A: I don’t know finally what the guidelines in terms of relaxation, we have all heard that government and the Reserve Bank of India (RBI) are relooking at some of these guidelines because they have not really been that effective in the last few months or in the last two or three quarters. We will wait to see what comes out but we are certainly hopeful that we are able to restructure quickly and we are able to move ahead. The company itself is performing significantly better now than it was last year.
Q: You are getting so much of funds coming in which is going to deleverage the overall group by the Rosneft deal. Now is that some bit of money also going to flow in Essar Steel by way of equity?
A: It is a very good question. The answer is yes, we will whatever additional equity is required to complete to achieve the restructuring will be set aside. I would also say that the actual money required in Essar Steel is not very much because the capital investment is largely completed and the plants are already fully operational and generating very reasonable revenue and margins. So, it does not require a huge amount of funds but at the same time whatever is required, we will provide it as part of the restructuring.
Q: Are you also looking at some equity participation coming in from some financial investor in the steel business because there was a turnaround in the cycle?
A: At this point we don’t need it because we have done with the monetisation which has happened, we have the ability to fund this ourselves. So right now the focus is to grow the business, to get it to a level where we are able to gain the benefit of all the investments which have been made over the past few years and then we will see.
Q: The banking system is also working with the companies which are capital intensive right now and steel, power, these are some of the sectors which have been on top of their list as far as their exposure is concerned. Are there meeting grounds with the banks, would you be okay with, if they convert some part of the debt into equity and restructure the entire company so that it can be very able and viable going forward?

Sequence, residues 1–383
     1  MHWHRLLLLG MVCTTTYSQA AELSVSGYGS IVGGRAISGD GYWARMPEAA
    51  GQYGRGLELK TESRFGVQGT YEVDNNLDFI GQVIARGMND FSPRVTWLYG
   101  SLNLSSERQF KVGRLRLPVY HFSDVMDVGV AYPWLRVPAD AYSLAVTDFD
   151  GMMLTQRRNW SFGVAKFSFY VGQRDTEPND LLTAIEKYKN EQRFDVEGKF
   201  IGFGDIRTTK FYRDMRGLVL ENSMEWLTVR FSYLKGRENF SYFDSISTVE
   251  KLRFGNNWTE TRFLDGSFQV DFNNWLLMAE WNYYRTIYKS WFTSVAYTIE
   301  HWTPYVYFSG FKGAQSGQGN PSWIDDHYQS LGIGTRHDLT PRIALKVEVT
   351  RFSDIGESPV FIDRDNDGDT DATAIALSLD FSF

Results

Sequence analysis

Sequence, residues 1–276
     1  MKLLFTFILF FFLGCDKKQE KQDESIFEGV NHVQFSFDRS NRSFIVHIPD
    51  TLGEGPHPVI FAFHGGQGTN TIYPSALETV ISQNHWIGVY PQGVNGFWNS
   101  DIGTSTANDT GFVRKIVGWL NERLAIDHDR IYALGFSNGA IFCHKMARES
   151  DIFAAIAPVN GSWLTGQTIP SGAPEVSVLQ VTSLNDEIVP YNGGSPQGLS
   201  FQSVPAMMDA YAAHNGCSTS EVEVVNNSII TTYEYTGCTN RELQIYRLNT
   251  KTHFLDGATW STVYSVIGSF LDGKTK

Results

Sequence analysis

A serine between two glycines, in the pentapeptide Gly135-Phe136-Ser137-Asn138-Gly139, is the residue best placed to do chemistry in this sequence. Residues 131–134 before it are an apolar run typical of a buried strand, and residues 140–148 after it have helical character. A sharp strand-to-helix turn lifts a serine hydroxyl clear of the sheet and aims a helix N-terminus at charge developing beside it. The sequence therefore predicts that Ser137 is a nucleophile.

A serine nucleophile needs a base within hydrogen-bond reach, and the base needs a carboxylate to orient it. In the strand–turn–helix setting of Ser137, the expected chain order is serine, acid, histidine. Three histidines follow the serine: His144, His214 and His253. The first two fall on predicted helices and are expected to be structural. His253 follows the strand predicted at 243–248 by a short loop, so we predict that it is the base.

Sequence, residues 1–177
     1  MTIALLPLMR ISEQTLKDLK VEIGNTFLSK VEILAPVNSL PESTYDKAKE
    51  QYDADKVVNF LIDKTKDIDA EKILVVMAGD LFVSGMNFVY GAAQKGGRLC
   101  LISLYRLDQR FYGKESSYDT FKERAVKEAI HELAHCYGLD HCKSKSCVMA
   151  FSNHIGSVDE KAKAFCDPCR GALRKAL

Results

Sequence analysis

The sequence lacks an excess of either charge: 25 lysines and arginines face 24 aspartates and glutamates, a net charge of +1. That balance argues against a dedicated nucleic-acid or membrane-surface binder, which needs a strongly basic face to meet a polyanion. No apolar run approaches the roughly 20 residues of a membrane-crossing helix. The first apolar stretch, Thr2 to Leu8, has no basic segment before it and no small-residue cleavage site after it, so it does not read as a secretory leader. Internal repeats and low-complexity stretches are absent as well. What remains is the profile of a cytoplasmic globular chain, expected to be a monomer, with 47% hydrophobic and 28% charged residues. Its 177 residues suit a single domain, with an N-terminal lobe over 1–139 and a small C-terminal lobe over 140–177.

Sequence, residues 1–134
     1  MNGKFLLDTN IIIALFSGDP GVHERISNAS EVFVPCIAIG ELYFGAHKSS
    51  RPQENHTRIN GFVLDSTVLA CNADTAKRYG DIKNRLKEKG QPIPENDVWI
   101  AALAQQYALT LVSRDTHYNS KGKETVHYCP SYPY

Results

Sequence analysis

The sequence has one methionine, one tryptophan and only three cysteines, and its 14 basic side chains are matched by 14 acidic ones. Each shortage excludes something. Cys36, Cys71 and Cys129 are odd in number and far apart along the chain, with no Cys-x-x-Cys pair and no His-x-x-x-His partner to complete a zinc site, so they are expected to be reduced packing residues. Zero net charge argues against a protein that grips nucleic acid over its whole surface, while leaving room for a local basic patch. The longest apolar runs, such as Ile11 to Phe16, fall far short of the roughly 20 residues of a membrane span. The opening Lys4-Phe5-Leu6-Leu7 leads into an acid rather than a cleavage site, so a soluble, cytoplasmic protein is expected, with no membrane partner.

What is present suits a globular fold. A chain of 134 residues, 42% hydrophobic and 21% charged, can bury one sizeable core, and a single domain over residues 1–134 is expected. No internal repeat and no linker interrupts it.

A: All I can say right now is that there are going to be certain guidelines within which all the companies are going to get restructured. Whatever those guidelines are we will be at par for most of the companies which fall under those guidelines. We will follow the guidelines. If those guidelines mean some debt needs to be converted to equity, then we will have to fall in-line with the guidelines.
However, we are confident that we will be able to find a resolution and we believe that the assets which we have on the ground which are now fully performing are world class assets and there is no reason that they can’t deliver in the future. Just to give you a similar case, even in the case of Essar Oil, we did face some issues about a decade ago when the project was stalled and we went through a delay but we worked with the bankers, we worked with all our stake holders and we completed the project.
In fact we doubled the project it used to be a 10 million tonne refinery, then we went ahead and we did an expansion. We brought it to 20 million tonnes, built a retail network and the result of that is where we are plus there is a very real opportunity to expand the refinery, built as the demand for petroleum products keep growing in the country. We have the ability to expand the refinery which was also one of the factors, which attracted Rosneft and Trafigura for this investment.
Q: One question I definitely wanted to ask you sometime back you had stated, you had issued press release saying that you have hired some banks for sale of equity in Essar Steel. Things have changed tremendously from that time to now, should we say the way you are confident about the steel sector now that sale is off the table?
A: Absolutely, I think very much so, it was a year ago it was a period when there was lot of uncertainty around the steel sector, there was huge amount of dumping taking place, global situation was very different. The things have moved on a lot since then and we are looking ahead.
Q: One more question about the transaction that you have just signed, are the minority shareholders of Essar Oil going to get some differential, is there an upside to the valuation at which the delisting happen compare to the transaction valuation?